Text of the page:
SOUTH Africa’s interest rates will remain steady following this week’s three-day meeting of the Reserve Bank’s monetary policy committee (MPC).
The MPC kept the key repurchase rate at 5.5%‚ Bank governor Gill Marcus said yesterday‚ and the prime lending rate therefore remains at 9%.
But Marcus warned there would be interest rate hikes in the future.
A BDlive median consensus forecast from a survey of 12 economists had expected the repo rate to be left unchanged. Seven out of the 12 expected rates to remain on hold‚ three expected a 50basis-point hike and two a 25-basis-point increase.
The rand’s rally since January‚ a slow pick-up in domestic economic activity and moderate job creation were factors in favour of leaving rates unchanged.
This was according to economists interviewed on Wednesday ahead of the MPC statement.
The MPC has been worried that the weak rand could raise the cost of commodities such as crude oil and fan food inflation.
In January‚ it unexpectedly raised the repo rate by 50 basis points to 5.5%.
Marcus has said rate hikes were likely to be moderate due to weak economic growth. The bank forecasts the economy to grow 2.8% this year‚ slightly higher than the 2.5% that most economists project.
Economists said although the bank did not target a level of the rand‚ the currency’s appreciation against the dollar since the MPC’s January meeting would have eased inflation concerns.
The currency has since picked up and Marcus said the stronger rand had tempered inflation risks in the medium term, but also noted that upside price risks persisted as the currency remained vulnerable to shifts in global risk sentiment.
“There will be interest rate increases,” Marcus said after yesterday’s meeting.
“It is that trajectory. There should be no mistake about that,” she said, adding there would not necessarily be a change in the stance at every meeting, and hikes might not always be of the same magnitude.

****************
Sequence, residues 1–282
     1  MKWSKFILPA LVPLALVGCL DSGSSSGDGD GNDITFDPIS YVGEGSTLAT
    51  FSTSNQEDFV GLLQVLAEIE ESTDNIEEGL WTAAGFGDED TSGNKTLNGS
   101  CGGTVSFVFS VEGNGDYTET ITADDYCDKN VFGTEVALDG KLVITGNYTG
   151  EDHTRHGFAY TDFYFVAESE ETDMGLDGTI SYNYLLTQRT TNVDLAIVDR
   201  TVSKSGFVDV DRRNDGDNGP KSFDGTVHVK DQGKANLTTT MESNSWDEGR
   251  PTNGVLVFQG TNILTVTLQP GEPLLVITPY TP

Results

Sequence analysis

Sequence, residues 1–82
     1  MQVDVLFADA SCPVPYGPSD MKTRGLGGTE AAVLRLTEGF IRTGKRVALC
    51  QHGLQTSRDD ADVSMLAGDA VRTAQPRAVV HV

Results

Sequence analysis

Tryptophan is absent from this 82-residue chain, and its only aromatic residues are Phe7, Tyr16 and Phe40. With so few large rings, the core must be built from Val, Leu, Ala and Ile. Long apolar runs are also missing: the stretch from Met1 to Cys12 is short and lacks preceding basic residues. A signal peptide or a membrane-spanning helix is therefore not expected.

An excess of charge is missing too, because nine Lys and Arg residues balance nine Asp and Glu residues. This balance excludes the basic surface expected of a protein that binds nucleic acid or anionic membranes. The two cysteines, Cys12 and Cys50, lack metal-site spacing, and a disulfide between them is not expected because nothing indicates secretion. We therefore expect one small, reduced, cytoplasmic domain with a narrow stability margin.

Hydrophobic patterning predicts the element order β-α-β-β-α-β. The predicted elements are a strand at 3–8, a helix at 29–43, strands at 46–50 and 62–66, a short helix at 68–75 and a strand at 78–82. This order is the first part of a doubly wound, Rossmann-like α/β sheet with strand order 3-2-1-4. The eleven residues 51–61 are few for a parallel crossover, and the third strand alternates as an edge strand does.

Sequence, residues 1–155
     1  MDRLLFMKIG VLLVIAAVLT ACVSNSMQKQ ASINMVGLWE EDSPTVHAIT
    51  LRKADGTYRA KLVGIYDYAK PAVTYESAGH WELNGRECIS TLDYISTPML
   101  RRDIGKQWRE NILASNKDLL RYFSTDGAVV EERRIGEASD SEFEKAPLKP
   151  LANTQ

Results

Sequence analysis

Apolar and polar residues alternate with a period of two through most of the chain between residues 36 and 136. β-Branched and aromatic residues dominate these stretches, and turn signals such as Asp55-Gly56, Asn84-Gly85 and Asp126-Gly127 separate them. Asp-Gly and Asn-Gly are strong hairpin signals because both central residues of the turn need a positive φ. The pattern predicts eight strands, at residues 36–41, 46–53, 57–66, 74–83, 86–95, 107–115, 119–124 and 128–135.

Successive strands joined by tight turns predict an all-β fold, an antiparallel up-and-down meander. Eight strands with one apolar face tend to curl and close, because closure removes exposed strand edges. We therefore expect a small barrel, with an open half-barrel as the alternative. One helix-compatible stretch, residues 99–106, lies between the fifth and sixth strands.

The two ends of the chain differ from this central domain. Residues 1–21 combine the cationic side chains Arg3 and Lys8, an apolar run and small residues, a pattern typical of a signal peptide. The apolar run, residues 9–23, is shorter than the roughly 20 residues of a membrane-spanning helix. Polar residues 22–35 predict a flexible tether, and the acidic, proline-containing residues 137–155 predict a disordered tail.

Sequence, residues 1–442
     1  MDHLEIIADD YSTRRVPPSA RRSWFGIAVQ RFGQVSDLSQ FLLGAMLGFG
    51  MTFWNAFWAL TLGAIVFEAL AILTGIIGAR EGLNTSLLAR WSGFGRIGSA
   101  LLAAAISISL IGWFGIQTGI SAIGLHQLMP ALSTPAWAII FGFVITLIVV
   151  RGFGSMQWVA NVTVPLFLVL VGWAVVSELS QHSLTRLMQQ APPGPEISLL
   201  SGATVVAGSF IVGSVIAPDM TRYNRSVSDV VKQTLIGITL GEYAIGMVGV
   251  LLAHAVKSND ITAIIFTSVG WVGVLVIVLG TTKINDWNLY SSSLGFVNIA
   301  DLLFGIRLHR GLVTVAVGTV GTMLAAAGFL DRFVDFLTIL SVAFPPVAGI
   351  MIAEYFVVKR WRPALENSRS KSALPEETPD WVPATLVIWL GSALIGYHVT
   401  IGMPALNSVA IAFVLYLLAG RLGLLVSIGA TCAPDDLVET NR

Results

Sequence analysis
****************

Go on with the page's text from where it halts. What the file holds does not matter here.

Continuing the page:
The rand extended gains against the dollar on the hawkish comments to hit 10.5615, its strongest level since January. The rand gained nearly 1% against the dollar, buoyed by the interest rate decision.
Government bonds rallied and yields fell, with analysts citing relief in the market that the bank had not tightened rates immediately as some players had been pricing in.
By yesterday afternoon the rand was changing hands at 10.6050 per dollar, up 0.95% from Wednesday’s close in New York.
Although the rand maintains a weaker bias‚ it has come off its weakest levels since January.
Standard Bank rand strategist Bruce Donald said on Wednesday that the strengthening rand would ease the MPC’s “anxiety” regarding inflation.
“The most likely trigger for additional tightening by the central bank would be further bouts of weakness in the exchange rate‚” he said.
Inflation has‚ as expected‚ been rising this year and hit 5.9% year on year last month. The MPC forecasts the consumer price index to peak at 6.6% in the final quarter of this year. The bank’s next policy meeting will not be until May 22, after the May 7 general election.
Rate rises would further pressure the economy which is beset by strikes in the mining industry and annual growth languishing below 3% since the 2009 recession. – BDlive, with additional reporting by Ntsakisi Maswanganyi and Reuters